Then came Wii. As a lifelong Nintendo devotee, I was appalled when I saw the beloved controller of generations past updated into a remote control for the new generation. How could true gaming skill be discerned by the use of two buttons? How was I going to be able to make Mario jump by wildly shaking my arm at the television?

I bit my tongue and swallowed my pride and took the Wii for a spin. I was instantly impressed by the precision of the controls. The first game I played, The Legend of Zelda: Twilight Princess, had me swinging a sword, shooting arrows, riding horses, and flying through trees. In contrast to my early fears, I actually felt a much stronger connection with my in-game character than I had in the bygone days of button mashing.

The public at large also responded positively, making the Wii the “must-have” item of several Christmases in a row. As one industry insider put it, “The Wii is destined to sell more units than The Bible.” Competitors also took note; both Microsoft and Sony have recently released motion-sensing peripherals, each with technology more advanced than that of the Wii. In the next year or two, we should see the next generation of gaming consoles unveiled and it is almost a certainty that each of the industry leaders will include motion-sensing technology in their system specs at launch. For an in-depth description of each platform’s technology, check out this article at PC World:

So, motion sensing has taken off in the gaming sector, but does that mean anything in terms of the world outside of the game-o-sphere? Yes it does. Let’s transition to a bigger picture.

The mobile phone industry has adopted motion sensor technology in a plethora of ways. One of the first significant executions of this was for, of all things, gaming. Several of the first iPhone games that came along were based on moving the phone itself to control the game, rather than to push buttons or make sounds. Then, as more first and third party contributors began to master the technology, the iPhone and other smartphones increasingly incorporated sensor technology. It can be as simple as shaking the phone to return to the home screen or as complicated as using eye-tracking to communicate through video calling. Augmented reality applications have allowed people to combine motion-sensing technology with other technologies and actually add a virtual layer to their lives as they navigate through the “real world.” Check out this application that IBM created for visitors to Wimbledon: The only thing that is certain is that only the tip of the iceberg has been uncovered with regards to using this technology in the mobile realm.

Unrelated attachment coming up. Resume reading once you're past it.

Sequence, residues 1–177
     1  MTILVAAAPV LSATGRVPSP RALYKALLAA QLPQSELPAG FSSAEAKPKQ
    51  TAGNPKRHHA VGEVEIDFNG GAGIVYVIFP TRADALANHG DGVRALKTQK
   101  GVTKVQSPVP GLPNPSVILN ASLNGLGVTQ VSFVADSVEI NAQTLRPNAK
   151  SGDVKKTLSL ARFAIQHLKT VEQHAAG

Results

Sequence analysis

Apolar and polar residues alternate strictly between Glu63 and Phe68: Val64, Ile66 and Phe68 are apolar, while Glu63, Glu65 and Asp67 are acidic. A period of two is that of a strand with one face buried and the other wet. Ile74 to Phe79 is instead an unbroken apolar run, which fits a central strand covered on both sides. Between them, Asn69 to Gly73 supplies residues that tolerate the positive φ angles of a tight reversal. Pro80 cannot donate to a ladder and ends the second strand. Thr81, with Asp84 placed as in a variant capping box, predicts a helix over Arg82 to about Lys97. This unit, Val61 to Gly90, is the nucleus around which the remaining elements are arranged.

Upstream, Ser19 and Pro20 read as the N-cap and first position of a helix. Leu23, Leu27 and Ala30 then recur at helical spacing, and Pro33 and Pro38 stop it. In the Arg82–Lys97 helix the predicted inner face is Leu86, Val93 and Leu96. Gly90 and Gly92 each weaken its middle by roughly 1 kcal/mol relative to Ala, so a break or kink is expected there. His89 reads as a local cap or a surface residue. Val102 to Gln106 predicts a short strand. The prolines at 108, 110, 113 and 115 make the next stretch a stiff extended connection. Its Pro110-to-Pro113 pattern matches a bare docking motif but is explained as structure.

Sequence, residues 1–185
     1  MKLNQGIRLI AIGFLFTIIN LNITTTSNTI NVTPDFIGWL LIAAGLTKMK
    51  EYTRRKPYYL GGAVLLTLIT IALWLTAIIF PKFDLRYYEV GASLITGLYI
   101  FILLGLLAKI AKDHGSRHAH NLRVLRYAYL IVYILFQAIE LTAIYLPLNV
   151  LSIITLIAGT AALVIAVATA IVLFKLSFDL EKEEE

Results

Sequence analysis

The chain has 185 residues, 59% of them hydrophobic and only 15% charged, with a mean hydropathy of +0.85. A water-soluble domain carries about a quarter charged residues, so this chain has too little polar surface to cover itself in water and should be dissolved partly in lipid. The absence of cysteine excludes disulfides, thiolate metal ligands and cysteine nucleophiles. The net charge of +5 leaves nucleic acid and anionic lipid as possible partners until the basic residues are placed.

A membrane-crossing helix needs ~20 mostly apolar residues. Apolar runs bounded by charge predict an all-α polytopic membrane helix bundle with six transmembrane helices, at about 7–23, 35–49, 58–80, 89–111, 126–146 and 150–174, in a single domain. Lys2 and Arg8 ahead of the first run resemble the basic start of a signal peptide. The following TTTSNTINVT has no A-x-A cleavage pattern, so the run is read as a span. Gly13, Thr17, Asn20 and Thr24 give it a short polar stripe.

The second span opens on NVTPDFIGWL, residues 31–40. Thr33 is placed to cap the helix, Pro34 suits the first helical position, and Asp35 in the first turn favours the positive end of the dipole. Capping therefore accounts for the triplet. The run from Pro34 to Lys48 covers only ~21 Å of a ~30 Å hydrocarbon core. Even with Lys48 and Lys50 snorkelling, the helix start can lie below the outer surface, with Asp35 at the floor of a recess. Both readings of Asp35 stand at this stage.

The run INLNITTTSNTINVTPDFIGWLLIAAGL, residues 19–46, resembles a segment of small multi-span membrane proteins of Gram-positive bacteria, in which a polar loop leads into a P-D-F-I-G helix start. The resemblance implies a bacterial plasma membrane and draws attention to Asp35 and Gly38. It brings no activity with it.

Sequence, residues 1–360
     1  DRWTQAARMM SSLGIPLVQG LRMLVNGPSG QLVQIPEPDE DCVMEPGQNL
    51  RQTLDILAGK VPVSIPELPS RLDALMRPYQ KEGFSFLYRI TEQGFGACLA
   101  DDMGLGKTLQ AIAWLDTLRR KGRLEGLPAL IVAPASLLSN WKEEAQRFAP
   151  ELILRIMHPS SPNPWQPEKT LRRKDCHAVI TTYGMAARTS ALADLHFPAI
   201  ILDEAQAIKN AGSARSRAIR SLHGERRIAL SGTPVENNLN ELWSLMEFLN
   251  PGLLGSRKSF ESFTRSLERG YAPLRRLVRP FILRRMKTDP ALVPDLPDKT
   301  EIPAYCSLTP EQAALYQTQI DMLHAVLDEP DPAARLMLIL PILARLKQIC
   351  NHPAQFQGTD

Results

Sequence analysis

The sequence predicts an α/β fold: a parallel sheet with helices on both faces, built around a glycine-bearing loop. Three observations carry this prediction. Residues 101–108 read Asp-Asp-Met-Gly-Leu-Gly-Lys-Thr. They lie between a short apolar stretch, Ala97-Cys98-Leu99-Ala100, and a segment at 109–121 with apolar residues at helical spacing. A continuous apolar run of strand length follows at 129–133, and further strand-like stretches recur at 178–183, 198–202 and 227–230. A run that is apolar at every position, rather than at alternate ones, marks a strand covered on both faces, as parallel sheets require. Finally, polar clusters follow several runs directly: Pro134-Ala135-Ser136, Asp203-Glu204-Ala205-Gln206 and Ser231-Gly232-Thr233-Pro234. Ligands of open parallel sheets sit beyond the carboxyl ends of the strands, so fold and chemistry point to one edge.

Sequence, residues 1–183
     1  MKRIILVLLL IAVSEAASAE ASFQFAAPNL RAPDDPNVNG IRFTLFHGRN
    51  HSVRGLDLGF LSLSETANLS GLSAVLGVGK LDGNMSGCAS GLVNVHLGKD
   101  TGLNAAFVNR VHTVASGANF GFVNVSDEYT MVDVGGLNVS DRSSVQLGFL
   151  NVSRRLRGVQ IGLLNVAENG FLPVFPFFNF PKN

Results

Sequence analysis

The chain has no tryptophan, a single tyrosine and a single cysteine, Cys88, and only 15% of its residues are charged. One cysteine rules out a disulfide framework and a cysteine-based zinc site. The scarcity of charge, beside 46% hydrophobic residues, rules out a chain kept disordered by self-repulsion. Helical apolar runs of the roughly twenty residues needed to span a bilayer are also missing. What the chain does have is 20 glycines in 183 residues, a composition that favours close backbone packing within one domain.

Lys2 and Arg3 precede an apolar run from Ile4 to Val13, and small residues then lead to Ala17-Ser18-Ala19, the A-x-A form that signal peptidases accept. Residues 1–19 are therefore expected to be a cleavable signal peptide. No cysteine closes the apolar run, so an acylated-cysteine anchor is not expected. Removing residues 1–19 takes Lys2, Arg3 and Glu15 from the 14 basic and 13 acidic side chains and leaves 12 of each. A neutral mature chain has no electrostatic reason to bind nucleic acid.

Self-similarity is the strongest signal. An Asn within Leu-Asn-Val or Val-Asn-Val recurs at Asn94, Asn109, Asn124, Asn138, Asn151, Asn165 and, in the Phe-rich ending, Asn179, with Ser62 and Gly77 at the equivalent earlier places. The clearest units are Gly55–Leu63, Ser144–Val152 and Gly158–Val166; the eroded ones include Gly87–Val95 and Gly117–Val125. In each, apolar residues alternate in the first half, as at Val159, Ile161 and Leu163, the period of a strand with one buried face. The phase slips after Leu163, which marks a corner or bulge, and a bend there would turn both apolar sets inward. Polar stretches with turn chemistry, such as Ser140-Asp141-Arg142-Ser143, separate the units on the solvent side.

Extending beyond this “peripheral” approach to motion detection, the question that comes to mind is how sensor technology could evolve to influence even more of our daily lives? Does it have a place outside of the gadgets that we so depend on? In this column for Mashable, HP Quantum Structures Research Laboratories’ own Distinguished Technologist (there’s a title for you) Pete Hartwell gives his prediction for the future of sensor technology, motion and otherwise. He shares that, even now, sensors that are one thousand times as powerful as those found in our Wiis can be produced. The question that Hartwell raises, and speculates on, is how we can use this technology to advance society, particularly in the areas of safety, security, and sustainability.

Hartwell speaks of a world where homes will be equipped with heat sensors in order to know what room the inhabitants are in. He notes the environmental benefits of this system, as the house could automatically shut of lights and appliances when a room emptied. How far behind is the hotel room that begins playing romantic music as soon as two bodies enter the room and their heat level increases? Or perhaps sound sensors will detect angry voices and turn on the sprinklers to drown a potential brawl?

It is not too hard to envision a future where all buildings are equipped with sensor technology. Perhaps sensor technology will become so huge that it will be like electricity in buildings. Will we someday get to a point when all of our buildings are aware? Imagine a future where no one must check into or out of work because the building can detect a person’s specific gait as she or he enters the front door. No bank teller would have to push a button because a simple hand gesture could alert the building to a potential security threat. The possibilities are truly endless.

If buildings can become aware, surely objects can as well. One step into the gym will tell you that certain equipment is already sensor enabled; the treadmill can check your heart rate and adjust your workout accordingly. Are we far from having the actual objects being our personal trainers? Will we have mirrors for aerobics classes that tell us how to do a particular exercise and then monitor our execution? A sensored mirror is a truly scary proposition. Imagine the mirror informing you that you’ve gained weight. Or point out pimples. Yikes.

What other objects will become aware? What objects need to become aware and which would suffer if they did? I am interested to see what people think about this. Perhaps movie seats sense us jumping in terror during a horror movie and change to cater to specific audience fears. Imagine sports clothing with built in sensors, becoming more porous as the athlete’s temperature increased.

We have already seen the functionality of sensor technology in the automobile sector. In terms of safety, in-car breathalyzers have long been in place for convicted drunk drivers. On a lighter note, many cars now respond to voice commands. Are we that far from heat-sensing anti-road rage car measures? The industry has shown creative use of sensors outside their vehicles as well. Check out Honda’s recent use of “smile tracking” at an event in Australia: